German oriental studies in the time of National Socialism

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The German Oriental Studies in the Nazi era was marked by the Nazi policy, foreign policy and military relevance effort this scientific discipline to use them for their goals. Numerous leading orientalists became involved in the Nazi regime and, in many cases, intertwined their own work with Nazi ideology . Others, however, were persecuted or emigrated.

Oriental Studies and the Ideology of the National Socialists

Until the 1990s, German Oriental Studies was perceived as a scientific discipline that was of little theoretical and practical use for the interplay between science, politics and ideology during the Nazi era. Oriental studies were seen as an unencumbered discipline and reappraisal of National Socialism was felt to be unnecessary. This was explained by the germanocentric orientation of Nazi ideology and cultural policy . It was assumed that the National Socialists had no particular interest in researching foreign cultures and thus in the scientific discipline of oriental studies.

This assumption turned out to be wrong, because in addition to its practical, economic benefits, the Orient was also of idealistic interest, which was expressed not least in the histories and interpretations of the Orientalists, for example the work of the German Iranists on the subject of Aryans . German Oriental Studies from 1933–1945 was characterized by a high degree of identification with National Socialism. The projection of National Socialist thought patterns and ideologies such as völkisch nationalism , racism , anti-Semitism , anti-communism , Anglophobia , Francophobia and anti-Americanism on the Orient in the scientific work of this time are special indicators for this.

Until the beginning of the war, German Oriental Studies supported Germany's position in the competition between the various states for influence in the Middle East through institutions, trips abroad, congresses, etc. During the war years, Orientalists were represented in the NSDAP , the ministerial bureaucracy, the Wehrmacht , the secret services and the SS . The scientific elite could be quickly mobilized through the long-standing orientalist associations such as the German Oriental Society . This had already happened during the times of German colonialism and imperialism, including the First World War .

Persecution and emigration

Dismissals, Nazi laws, bans on habilitation and teaching, actual or threatened deportation to concentration camps , expropriations and physical violence were decisive for the waves of emigration. Almost all Orientalists who lost their jobs during the National Socialist era then went abroad. For others who have just finished their studies, starting a career was not possible under the social and legal conditions. The German orientalists emigrated mainly to the USA (including Gustav Edmund von Grunebaum , Ernst Herzfeld ), England (including Joseph Schacht , Paul Kahle , Richard Rudolf Walzer ) and Turkey (including Hans Ludwig Gottschalk ). Of the few released Orientalists who remained in Germany, some became victims of the concentration camps (including Hedwig Klein , Fritz Wolff , Arthur Spanier ).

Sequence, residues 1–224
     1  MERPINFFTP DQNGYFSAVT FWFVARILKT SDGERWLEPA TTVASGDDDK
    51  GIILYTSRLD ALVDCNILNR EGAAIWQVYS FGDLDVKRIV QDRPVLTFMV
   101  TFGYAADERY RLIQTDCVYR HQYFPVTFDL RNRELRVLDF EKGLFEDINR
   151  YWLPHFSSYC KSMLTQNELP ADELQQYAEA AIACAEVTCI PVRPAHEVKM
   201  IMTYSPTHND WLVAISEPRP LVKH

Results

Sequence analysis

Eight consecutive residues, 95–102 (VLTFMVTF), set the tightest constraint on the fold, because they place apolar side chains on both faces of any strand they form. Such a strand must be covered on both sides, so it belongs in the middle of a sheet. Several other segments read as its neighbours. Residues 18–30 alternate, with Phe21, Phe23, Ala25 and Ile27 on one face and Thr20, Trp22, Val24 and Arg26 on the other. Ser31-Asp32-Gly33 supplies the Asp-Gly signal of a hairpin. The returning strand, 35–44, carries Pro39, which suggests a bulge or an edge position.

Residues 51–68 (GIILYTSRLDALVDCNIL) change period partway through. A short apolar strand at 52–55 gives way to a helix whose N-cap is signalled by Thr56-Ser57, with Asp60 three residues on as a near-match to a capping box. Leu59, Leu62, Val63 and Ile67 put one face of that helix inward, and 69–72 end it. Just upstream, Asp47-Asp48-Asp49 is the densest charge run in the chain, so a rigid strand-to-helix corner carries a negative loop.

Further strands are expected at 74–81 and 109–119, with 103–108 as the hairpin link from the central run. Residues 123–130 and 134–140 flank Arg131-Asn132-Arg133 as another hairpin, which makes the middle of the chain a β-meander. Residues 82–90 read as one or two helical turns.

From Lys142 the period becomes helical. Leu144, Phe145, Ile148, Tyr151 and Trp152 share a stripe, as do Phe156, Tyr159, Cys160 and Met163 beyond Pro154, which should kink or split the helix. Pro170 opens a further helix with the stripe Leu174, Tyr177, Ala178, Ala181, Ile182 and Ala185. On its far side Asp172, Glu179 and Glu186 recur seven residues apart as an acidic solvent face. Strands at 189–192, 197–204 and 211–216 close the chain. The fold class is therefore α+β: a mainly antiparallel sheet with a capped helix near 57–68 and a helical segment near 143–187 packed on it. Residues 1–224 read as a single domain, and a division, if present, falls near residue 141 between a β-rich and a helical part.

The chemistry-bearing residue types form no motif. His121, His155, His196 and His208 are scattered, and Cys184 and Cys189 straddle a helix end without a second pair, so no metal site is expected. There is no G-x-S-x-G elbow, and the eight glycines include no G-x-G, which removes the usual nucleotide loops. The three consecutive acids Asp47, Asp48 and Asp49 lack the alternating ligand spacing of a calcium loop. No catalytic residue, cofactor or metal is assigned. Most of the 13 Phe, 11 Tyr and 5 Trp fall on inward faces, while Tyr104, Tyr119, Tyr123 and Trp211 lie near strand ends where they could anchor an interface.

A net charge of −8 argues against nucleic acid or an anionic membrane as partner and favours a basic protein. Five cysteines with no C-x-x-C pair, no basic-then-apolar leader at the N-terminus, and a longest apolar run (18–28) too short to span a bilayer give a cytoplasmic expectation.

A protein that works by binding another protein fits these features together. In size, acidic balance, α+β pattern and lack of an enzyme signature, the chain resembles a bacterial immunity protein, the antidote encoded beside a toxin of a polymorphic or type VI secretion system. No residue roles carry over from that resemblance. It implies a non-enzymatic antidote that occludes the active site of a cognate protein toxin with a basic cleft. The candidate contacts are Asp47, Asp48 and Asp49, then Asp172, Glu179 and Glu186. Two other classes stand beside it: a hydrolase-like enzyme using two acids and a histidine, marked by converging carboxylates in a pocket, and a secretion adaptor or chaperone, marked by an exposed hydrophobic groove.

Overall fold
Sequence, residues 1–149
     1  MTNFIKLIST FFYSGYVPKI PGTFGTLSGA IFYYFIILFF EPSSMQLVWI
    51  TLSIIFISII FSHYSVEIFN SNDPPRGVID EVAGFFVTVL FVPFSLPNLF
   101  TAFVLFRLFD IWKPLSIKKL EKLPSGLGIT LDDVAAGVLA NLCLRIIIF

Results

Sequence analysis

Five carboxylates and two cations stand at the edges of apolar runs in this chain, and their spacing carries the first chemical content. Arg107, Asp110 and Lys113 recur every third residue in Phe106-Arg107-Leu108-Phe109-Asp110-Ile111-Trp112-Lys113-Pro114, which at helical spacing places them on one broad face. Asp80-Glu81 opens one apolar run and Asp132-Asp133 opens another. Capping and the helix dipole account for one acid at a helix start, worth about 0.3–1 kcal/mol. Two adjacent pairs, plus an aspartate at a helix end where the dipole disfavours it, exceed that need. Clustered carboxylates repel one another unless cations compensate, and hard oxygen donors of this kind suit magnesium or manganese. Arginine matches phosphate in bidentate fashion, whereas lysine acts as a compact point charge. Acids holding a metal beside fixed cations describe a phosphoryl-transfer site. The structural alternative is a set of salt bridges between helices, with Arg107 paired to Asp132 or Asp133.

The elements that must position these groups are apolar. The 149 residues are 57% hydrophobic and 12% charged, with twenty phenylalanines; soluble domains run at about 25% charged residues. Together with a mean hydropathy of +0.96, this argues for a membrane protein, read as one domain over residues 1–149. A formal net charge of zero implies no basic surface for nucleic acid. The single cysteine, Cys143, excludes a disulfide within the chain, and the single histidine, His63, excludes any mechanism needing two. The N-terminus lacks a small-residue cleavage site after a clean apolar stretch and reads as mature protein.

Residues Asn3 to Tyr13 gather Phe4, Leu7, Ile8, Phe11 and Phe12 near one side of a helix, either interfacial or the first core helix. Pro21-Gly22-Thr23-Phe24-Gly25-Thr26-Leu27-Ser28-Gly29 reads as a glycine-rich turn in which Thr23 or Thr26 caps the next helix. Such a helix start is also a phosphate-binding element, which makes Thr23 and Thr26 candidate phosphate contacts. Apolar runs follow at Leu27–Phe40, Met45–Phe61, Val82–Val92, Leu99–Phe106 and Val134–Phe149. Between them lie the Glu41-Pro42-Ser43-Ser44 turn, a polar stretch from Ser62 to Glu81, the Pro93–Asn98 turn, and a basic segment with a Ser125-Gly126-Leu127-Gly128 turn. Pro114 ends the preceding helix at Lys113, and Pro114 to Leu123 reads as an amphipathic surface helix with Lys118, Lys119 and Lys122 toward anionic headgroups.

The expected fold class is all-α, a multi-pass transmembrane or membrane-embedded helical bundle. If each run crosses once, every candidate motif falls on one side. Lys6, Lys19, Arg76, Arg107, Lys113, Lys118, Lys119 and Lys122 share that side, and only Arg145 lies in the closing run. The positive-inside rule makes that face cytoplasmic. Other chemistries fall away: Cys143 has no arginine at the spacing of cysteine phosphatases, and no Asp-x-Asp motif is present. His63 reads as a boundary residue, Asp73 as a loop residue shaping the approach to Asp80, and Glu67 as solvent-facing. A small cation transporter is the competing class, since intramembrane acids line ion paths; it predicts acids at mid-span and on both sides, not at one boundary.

After 1945

The same people who had determined the content, organization and institution of the orientalist discourse from 1933–45 also held the relevant positions at universities and academies after 1945. There was seldom any effort to get the emigrants back. Writings published during the Nazi era were shortened and reissued with a new title (for example Bertold Spuler , “The Volga Tartars and Bashkirs under Russian rule”).


  • Ekkehard Ellinger: German Oriental Studies at the Time of National Socialism , Edingen-Neckarhausen 2006 (based on Diss., FU Berlin, 2003).
  • Peter Freimark in: Eckart Krause (Ed.): Everyday university life in the “Third Reich”: The Hamburg University 1933-1945. Part II, Berlin 1991, pp. 851-864.
  • Gerhard Grimm: Franz Babinger (1891-1967): An essay on the history of life . In: Die Welt des Islams, Vol. 38, 1998, pp. 286–333.
  • Klaus Kreiser : Gotthard Jäschke (1894–1983): From Islamic Studies to Foreign Studies . In: Die Welt des Islams , Vol. 38, 1998, pp. 406-423.
  • Klaus-Michael Mallmann: Crescent moon and swastika. The Third Reich, the Arabs and Palestine . Darmstadt 2006.
  • Ursula Wokoeck: German Orientalism. The study of the Middle East and Islam from 1800 to 1945 , New York 2009

Web links

Individual evidence

  1. Stefan Buchen: The Jewess and "Mein Kampf" . In: The daily newspaper: taz . February 28, 2018, ISSN  0931-9085 , p. 5 ( [accessed on February 28, 2018]).